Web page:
Nihon Chinbotsu 2020 serves as a modern adaptation of the original 1973 novel by the late Sakyo Komatsu, who is still regarded as one of Japan’s leading sci-fi authors. Like in the original story, geological changes in the Eastern hemisphere significantly affect the landscape and as the title suggests, a series of earthquakes sinks a large chunk of Japan. Considering that earthquakes are not so rare in Japan, most especially in the Tokyo area, and with histories of significant earthquakes such as what happened on March 11, 2011 and on September 1, 1923 (which was portrayed in The Wind Rises), it’s inevitable that Japanese pop culture portray such disasters and how survivors try to live in the aftermath to show audiences that there will always be hope no matter how bad things get. So, in addition to Nihon Chinbotsu 2020, what are some other anime that deal with such themes? Read our selected 6 to find out!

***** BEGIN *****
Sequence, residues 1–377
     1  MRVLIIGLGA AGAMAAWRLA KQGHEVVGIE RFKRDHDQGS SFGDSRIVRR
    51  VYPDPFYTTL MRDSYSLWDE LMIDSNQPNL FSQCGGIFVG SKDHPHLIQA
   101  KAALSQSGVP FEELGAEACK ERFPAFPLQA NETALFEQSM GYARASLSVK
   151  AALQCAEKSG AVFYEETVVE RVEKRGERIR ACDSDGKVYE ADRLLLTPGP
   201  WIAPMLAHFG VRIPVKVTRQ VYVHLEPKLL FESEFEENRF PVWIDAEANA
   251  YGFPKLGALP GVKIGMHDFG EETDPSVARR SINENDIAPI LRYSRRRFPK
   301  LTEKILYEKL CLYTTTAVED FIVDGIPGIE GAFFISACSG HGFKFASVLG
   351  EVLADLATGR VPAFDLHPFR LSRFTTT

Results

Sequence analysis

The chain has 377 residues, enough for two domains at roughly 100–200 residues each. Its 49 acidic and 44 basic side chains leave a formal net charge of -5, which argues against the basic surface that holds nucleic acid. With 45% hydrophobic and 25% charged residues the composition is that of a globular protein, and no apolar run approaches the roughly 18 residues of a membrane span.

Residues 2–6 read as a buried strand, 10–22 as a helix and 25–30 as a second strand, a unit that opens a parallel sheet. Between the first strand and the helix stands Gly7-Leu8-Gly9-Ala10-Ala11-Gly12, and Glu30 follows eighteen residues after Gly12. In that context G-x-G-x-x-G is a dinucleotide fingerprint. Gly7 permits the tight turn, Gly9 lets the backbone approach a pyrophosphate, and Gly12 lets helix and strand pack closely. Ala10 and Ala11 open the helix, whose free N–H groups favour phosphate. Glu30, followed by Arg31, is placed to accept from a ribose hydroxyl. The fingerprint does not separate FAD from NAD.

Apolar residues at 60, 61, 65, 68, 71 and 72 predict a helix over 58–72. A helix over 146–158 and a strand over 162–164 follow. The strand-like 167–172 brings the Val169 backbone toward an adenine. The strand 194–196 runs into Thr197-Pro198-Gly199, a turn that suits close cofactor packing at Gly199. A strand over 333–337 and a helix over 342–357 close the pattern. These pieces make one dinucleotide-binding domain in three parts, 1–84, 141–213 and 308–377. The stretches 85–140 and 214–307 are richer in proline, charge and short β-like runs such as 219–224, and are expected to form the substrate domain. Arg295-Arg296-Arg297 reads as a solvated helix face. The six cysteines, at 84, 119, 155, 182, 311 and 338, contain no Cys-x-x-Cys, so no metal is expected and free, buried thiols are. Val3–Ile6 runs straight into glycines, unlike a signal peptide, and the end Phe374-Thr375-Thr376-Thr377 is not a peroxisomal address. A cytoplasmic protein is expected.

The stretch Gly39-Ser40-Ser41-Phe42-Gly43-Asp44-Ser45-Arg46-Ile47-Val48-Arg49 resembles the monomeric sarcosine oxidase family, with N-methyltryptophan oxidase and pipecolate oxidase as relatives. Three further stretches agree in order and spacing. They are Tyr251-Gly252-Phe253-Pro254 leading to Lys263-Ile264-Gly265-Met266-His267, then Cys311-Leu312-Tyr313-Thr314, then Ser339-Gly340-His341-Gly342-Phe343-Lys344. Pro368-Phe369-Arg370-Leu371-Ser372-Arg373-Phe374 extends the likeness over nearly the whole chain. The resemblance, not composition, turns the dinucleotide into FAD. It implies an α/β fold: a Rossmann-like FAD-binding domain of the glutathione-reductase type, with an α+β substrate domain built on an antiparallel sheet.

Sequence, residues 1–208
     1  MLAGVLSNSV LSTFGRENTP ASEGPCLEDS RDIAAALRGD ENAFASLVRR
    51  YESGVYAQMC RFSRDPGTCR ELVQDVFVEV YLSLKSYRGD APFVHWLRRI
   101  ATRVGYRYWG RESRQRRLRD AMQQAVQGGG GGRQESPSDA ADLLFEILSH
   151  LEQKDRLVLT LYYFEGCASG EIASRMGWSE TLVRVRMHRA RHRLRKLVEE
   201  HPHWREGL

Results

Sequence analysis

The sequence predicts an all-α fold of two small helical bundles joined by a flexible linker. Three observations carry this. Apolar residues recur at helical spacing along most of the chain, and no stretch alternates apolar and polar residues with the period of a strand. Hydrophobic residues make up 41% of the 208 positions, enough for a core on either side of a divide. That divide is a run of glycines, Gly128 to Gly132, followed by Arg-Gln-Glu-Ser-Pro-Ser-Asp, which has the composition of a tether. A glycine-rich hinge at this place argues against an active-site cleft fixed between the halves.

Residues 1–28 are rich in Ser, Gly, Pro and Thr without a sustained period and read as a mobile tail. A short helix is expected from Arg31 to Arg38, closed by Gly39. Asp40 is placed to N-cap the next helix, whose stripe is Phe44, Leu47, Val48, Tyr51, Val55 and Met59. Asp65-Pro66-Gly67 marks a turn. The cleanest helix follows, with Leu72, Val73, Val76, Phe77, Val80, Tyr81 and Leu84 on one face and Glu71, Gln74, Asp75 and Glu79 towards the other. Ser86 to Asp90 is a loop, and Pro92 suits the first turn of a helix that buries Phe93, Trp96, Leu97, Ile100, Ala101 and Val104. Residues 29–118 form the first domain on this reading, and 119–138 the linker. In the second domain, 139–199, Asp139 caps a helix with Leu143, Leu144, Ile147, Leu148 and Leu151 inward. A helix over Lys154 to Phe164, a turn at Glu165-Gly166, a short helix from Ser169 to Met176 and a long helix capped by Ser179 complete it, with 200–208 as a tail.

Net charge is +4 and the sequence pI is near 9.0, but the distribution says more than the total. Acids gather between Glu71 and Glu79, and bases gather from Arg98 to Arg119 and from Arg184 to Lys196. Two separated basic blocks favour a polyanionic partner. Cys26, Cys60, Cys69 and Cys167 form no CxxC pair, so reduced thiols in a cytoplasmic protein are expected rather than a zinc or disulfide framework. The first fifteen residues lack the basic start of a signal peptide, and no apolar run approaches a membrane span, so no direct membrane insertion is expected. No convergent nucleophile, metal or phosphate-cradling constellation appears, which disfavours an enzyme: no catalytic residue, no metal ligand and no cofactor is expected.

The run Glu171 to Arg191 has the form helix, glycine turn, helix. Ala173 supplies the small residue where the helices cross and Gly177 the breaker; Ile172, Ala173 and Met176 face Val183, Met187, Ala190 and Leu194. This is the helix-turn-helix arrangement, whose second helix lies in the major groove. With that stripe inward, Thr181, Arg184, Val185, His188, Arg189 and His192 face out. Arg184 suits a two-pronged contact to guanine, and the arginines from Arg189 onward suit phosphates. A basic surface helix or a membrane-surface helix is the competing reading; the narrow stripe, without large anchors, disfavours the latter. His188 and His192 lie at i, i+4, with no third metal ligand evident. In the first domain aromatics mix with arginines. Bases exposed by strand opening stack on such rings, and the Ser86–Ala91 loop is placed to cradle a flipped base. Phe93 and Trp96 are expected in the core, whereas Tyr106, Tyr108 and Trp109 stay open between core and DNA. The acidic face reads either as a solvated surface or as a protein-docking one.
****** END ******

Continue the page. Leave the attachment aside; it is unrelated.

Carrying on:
Similar Anime to Nihon Chinbotsu 2020 / Similar Anime to Japan Sinks 2020
1. Dr. Stone
- Episodes: 24
- Aired: July 5, 2019 - December 13, 2019
Kicking off this list is Dr. Stone, based on the manga by Riichiro Inagai and Boichi, a mysterious light engulfs the Earth and turns EVERY human being (and birds) into stone for a number of millennia. During that time, the Earth progresses back to a primitive state as plants overgrow and animals repopulate while modern technology goes the way of the dodo. When Senkuu Ishigami, a teenage equivalent to Bill Nye the Science Guy, manages to find his way out, he uses his knowledge and passion for science and the tools around him to bring humanity back to its feet by doing more than just reinventing the wheel. However, Tsukasa Shishiou, an accomplished teenage MMA fighter, disagrees with Senkuu and feels that man should revert back to its primitive state, and this causes the conflict that drives the series.